Tuesday, November 16, 2004

in the flesh

When I still lived in Cleveland, I religiously watched Fox 8 News every evening.

A couple of years or so ago (maybe longer - my memory is a little foggy), CBS 19 News switched formats. When this happened, I thought, "eh, I'll give them a try. Maybe it'll be good." Well, the new 19 Action News format was certainly, um, different. And by different I mean scandalously and unprofessionally different. So much so that I occasionally tuned in for the mere entertainment value of the reporting itself, not the stories.

We're talking botched stories, one after the other (Julia and Matt can attest to this - they've watched it while visiting). While an anchor was reporting on one story, news footage from something completely unrelated would be rolling in the foreground. Sometimes it was dead air with news footage, sometimes reporter commentary with a black screen. And this happened daily, more often than not.

Usually, the reporting focused the most heavily on the more nefarious things happening around town...anything involving crime, sex, drugs, violence, etc., but mostly sex. It's like Cleveland's local version of Access Hollywood. Sort of. So, when Spencer Tunick came to town, 19 Action News jumped all over the story.

Spencer Tunick has gained international notoriety for photographing masses of nude people in various urban locales...including in front of the UN General Assembly in New York City:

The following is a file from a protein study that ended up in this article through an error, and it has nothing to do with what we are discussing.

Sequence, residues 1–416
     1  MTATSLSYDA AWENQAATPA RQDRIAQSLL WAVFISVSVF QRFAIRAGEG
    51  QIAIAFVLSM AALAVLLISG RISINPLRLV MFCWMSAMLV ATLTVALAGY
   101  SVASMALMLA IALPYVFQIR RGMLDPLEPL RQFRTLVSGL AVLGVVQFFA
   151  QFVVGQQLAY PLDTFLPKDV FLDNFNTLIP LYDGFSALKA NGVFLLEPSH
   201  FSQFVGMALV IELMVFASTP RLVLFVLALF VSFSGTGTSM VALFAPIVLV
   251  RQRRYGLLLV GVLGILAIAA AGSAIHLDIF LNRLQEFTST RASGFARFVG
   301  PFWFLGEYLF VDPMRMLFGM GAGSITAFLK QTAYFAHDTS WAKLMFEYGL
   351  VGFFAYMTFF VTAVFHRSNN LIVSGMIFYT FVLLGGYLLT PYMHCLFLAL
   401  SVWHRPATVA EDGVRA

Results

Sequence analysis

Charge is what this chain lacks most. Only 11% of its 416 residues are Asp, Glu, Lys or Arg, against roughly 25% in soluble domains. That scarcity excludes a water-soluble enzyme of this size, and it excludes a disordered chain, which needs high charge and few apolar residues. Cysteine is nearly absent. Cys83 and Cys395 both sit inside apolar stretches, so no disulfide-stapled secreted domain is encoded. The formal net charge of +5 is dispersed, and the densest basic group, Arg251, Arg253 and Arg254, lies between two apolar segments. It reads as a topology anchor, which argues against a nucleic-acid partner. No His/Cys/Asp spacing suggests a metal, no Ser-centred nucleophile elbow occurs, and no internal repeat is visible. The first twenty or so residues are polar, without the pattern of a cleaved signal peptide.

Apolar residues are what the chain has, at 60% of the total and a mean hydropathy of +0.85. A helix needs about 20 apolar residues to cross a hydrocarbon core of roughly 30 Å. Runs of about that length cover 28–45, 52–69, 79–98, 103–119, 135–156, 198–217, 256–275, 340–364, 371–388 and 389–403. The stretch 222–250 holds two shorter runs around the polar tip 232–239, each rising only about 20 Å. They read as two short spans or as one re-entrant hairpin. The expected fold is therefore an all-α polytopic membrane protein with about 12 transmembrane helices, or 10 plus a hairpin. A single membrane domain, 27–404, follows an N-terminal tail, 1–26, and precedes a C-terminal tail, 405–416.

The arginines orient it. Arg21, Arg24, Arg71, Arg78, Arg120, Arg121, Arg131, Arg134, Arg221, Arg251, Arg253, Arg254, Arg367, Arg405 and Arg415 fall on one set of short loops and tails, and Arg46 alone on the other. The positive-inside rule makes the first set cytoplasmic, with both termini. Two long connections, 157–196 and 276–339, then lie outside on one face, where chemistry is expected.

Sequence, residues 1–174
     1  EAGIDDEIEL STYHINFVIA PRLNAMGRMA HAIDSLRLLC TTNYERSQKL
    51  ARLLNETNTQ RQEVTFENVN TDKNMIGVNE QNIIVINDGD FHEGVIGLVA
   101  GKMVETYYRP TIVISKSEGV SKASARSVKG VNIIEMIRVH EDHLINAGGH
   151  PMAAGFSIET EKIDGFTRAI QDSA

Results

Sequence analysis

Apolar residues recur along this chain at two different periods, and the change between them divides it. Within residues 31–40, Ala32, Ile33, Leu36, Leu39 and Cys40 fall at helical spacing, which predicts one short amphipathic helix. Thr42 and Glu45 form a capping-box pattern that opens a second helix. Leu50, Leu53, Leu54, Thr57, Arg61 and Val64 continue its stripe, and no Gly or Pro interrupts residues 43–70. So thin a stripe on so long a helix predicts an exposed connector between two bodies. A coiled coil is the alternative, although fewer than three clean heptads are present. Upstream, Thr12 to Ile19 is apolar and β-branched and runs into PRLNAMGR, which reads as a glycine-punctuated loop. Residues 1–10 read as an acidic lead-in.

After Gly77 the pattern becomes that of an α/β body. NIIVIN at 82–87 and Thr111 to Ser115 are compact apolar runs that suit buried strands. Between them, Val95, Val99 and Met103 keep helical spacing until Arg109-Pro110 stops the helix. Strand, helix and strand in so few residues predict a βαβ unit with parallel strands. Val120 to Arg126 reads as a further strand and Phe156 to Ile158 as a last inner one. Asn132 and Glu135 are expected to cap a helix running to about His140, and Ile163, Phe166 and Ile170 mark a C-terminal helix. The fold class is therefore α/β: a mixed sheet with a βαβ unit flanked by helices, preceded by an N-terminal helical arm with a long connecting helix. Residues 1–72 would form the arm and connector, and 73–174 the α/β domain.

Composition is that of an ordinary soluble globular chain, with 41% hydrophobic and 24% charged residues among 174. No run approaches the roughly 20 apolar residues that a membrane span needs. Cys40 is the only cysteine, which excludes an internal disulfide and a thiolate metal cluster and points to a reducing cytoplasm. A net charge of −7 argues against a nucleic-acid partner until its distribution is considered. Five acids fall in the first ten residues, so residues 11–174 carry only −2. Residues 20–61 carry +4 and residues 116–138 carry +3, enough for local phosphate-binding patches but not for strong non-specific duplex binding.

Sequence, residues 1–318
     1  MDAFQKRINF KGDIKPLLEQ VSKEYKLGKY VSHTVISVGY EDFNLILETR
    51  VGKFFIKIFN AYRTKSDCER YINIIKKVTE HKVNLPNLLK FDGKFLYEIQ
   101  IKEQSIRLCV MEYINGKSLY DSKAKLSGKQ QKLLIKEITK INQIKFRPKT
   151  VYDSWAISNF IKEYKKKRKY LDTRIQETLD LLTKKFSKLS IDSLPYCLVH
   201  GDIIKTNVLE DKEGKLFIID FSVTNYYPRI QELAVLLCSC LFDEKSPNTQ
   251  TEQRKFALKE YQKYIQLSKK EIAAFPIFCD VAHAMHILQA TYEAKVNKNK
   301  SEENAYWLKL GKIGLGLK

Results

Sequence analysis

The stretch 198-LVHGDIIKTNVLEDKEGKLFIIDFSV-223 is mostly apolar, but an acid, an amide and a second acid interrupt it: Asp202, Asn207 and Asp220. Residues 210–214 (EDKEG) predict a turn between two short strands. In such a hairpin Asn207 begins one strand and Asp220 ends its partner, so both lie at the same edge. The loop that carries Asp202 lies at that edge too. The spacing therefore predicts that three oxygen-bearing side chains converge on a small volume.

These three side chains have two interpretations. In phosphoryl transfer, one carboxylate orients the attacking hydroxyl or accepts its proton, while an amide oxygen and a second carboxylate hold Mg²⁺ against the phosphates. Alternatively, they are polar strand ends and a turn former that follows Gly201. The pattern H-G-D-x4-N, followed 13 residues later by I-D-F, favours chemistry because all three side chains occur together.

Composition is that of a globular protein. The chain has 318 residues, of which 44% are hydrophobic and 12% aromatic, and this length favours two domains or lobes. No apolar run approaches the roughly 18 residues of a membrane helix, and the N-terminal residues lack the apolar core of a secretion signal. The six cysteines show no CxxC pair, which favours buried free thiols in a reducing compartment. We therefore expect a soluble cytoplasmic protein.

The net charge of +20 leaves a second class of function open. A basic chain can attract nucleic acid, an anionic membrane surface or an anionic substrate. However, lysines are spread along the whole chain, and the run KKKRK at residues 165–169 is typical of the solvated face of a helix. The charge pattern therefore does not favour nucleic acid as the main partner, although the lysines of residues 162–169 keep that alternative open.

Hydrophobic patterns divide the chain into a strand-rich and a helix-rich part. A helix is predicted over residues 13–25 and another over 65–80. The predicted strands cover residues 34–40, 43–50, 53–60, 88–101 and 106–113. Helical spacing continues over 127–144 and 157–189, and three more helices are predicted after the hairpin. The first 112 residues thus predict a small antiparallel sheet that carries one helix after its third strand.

Posted by Hello

Now, I first heard about Spencer Tunick on NPR (I also listen to NPR religiously) on This American Life with Ira Glass. (Incidentally, this is the program which probably catapulted David Sedaris, another of my favorites, to fame.) Anyway, given the nature of NPR programming, one can imagine that any potentially 'shocking' story was broadcast with grace and aplomb.

Not so in Cleveland, which begs the question, "Is it art or is it something else?"

Over the summer, more than 2,700 people braved temperatures in the 50s and a 4 a.m. start time to take part in a nude photo shoot Saturday at a park behind the Rock and Roll Hall of Fame and Museum along Lake Erie. This story is innocent enough. However, Julia directed my attention to this story. It seems the station's own Sharon Reed not only reported on the story, but also participated in the photograph, while the station's cameras filmed the entire installation process. Consequently, the streaming video feed on the 19 Action News website provides readers with a teaser of the experience.

Imagine a lascivious-sounding female voice:
"If you were asked by a world-famous artist to pose nude, COMPLETELY naked, would you?"

Personally, I love contemporary art in all forms and facets, including nude photography. Give me Robert Mapplethorpe any day. I think Spencer Tunick, while not terribly original, is indeed an artist, and that his photographs are extremely artistic. To me, these photographs represent raw human vulnerability and really, the connection we all have to one another as people.

19 Action News managed to turn art into defamation when it portrayed Tunick's record-breaking* photograph as soft-core porn.

Feel free to comment.

*previously the greatest collection of nude people for one of his photos - 2500 - was in Montreal

No comments: